As Bermuda prepares to gamble on casinos, Cayman wary of following suit
As Bermuda’s government prepares to introduce gaming legislation as a potential “game changer” for the island’s struggling economy, tourism chiefs in Cayman believe lawmakers here should take a more cautious approach.
A planned referendum in Bermuda was scrapped and the government announced plans to bring to a vote legislation to legalize gambling in the country’s legislative assembly early in 2014.
Craig Cannonier, the premier of Bermuda, announced the decision at a press conference this month, saying the move was designed to create jobs and “end the misery” of thousands of Bermudians caused by the island’s shrinking economy. Tourism officials in Bermuda feel casino gambling is key to attracting a new hotel development to the island.
For Cayman, though, the economic situation is not quite so dire. And though casino gambling has its advocates, many, including the Cayman Islands Tourism Association, believe there are far more pressing issues to consider in the new year.
“We do not think Cayman should rush into following Bermuda on this,” said Tim Adam, the secretary of CITA.
He said CITA members, based on survey responses, believe the issue of gambling should be decided only after a public education campaign and a referendum.
“We would need to consider what type of visitors gambling might attract, and there should also be studies done on whether Cayman’s existing visitors would be in favor of or against the introduction of gambling,” he added.
Bermuda has faced a similar quandary over gambling for several years, with the balance between social and religious concerns pitched against potential economic benefit in an ongoing debate.
The seriousness of the island’s economic predicament appears to have convinced lawmakers there to take a gamble.
In October, politicians gave the green light to cruise ships to keep their casinos open in port. Cayman’s tourism minister Moses Kirkconnell has previously suggested that the island would need to consider something similar to convince cruise ships to make regular overnight stays in Grand Cayman.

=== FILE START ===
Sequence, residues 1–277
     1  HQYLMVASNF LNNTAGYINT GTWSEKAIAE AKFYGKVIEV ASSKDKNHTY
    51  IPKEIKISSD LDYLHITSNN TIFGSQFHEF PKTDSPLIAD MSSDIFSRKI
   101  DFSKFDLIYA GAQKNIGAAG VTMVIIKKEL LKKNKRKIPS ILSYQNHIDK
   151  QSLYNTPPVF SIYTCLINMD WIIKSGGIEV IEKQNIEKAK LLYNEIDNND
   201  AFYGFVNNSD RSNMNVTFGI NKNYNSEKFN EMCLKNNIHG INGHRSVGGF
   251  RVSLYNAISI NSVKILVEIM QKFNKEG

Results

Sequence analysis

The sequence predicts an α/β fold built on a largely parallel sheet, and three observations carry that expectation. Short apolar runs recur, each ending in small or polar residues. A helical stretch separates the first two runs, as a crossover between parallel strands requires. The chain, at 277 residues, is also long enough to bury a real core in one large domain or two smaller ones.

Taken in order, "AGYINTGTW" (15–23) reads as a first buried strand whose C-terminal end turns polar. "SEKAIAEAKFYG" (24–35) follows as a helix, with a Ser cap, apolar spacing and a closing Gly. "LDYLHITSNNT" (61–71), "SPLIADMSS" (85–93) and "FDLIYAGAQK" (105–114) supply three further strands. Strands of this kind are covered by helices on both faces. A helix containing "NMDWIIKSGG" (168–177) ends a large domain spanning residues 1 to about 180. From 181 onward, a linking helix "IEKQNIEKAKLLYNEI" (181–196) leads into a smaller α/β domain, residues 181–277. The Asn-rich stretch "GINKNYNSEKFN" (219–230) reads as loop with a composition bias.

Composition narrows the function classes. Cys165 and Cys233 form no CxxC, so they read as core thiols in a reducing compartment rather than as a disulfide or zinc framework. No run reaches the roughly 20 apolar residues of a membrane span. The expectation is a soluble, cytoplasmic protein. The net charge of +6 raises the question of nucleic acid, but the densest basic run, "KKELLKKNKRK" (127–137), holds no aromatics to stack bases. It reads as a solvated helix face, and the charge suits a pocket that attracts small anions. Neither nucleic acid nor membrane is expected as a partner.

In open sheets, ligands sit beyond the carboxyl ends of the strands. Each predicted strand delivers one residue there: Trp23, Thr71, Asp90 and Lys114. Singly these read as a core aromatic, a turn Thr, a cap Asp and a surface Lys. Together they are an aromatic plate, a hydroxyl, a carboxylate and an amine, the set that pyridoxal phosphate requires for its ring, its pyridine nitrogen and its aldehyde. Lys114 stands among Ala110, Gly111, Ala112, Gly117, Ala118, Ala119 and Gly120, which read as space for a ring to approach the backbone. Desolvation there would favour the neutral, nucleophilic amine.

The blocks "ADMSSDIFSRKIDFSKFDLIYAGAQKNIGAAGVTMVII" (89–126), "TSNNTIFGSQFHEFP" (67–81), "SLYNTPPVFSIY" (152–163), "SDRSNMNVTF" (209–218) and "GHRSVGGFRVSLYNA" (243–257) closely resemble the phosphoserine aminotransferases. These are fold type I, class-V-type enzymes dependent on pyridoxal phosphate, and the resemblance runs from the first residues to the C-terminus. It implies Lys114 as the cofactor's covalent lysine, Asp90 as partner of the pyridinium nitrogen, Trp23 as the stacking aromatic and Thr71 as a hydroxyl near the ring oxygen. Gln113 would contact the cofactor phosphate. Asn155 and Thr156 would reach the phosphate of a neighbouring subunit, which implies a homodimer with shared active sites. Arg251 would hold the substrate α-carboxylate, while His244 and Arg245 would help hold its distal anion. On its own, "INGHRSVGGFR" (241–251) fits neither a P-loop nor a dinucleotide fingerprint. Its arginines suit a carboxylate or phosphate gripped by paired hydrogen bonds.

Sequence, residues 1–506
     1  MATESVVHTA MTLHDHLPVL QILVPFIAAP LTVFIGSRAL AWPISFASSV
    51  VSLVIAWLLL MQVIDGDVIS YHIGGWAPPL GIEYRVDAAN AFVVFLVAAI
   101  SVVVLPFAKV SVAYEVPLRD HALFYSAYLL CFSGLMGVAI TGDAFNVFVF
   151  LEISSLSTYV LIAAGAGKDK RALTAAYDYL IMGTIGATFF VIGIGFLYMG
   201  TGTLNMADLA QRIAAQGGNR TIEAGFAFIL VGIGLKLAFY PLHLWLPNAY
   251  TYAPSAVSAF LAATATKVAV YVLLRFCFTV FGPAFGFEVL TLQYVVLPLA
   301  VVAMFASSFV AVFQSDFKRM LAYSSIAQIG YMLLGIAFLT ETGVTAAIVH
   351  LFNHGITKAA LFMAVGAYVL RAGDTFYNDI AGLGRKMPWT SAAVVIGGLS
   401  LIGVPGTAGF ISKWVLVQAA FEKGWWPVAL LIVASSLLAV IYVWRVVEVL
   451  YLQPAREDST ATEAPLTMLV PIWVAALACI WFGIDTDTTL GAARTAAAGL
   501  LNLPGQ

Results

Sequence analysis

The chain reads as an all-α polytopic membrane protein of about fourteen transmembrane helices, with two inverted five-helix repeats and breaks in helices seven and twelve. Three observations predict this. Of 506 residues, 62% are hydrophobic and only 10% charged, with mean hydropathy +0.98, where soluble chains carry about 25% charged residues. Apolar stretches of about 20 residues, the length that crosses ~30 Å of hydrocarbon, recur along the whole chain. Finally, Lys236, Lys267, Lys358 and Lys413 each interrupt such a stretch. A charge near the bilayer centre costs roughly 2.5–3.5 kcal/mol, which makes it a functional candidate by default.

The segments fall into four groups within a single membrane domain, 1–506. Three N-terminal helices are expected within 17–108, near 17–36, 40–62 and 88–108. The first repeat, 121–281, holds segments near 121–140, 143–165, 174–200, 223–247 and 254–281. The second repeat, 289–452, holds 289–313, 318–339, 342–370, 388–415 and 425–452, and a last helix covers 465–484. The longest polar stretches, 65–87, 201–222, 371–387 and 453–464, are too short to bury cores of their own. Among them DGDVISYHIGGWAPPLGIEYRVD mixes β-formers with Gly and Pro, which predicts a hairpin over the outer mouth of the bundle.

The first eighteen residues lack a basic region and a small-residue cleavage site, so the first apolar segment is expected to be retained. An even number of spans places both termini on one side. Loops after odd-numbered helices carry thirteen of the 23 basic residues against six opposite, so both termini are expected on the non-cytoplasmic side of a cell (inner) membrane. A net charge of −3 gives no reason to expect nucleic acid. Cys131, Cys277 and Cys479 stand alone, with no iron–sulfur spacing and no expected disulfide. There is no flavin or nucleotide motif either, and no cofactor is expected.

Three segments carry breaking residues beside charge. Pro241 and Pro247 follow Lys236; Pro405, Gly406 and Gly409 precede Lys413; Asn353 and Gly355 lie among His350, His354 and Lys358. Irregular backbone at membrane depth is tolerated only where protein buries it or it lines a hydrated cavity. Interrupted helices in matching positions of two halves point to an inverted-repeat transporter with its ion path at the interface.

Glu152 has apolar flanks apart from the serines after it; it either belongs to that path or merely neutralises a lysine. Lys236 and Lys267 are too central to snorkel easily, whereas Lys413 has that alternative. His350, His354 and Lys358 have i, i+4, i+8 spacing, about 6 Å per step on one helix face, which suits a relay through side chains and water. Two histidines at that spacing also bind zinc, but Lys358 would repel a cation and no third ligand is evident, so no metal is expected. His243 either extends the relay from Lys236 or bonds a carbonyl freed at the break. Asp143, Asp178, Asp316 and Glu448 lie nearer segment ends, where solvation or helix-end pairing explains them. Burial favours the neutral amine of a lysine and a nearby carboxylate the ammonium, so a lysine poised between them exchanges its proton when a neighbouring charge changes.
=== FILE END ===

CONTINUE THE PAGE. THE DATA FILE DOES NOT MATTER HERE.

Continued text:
Mr. Adam suggested Bermuda’s decision to roll the dice on gambling would not have repercussions for Cayman and could even backfire for the rival territory.
“As a tourist destination, Cayman has for several years successfully competed against many other Caribbean destinations that already offer gambling, so if Bermuda introduces gambling it is doubtful that would have a significant negative impact on tourist arrivals here,” he said.
“Of course it could even turn out that we get some tourists coming to Cayman to avoid Bermuda because of them introducing gambling.”
He said research should focus on tourists who would be turned off by gambling, as well as those who would be attracted. And he suggested the impacts of casinos in other jurisdictions had not all been positive.
A report in Bermuda, prior to the recent decision to bring gambling to the Legislative Assembly, highlighted some potential downsides, including the negative effects a casino has on other businesses nearby, the issue of whether locals are allowed to gamble, and social costs.
“The pros and cons of gambling and its anticipated socioeconomic impacts would have to be carefully analyzed and shared with the public before CITA could be in a position to make any such recommendation to the government in favor of or against introducing gambling,” Mr. Adam said.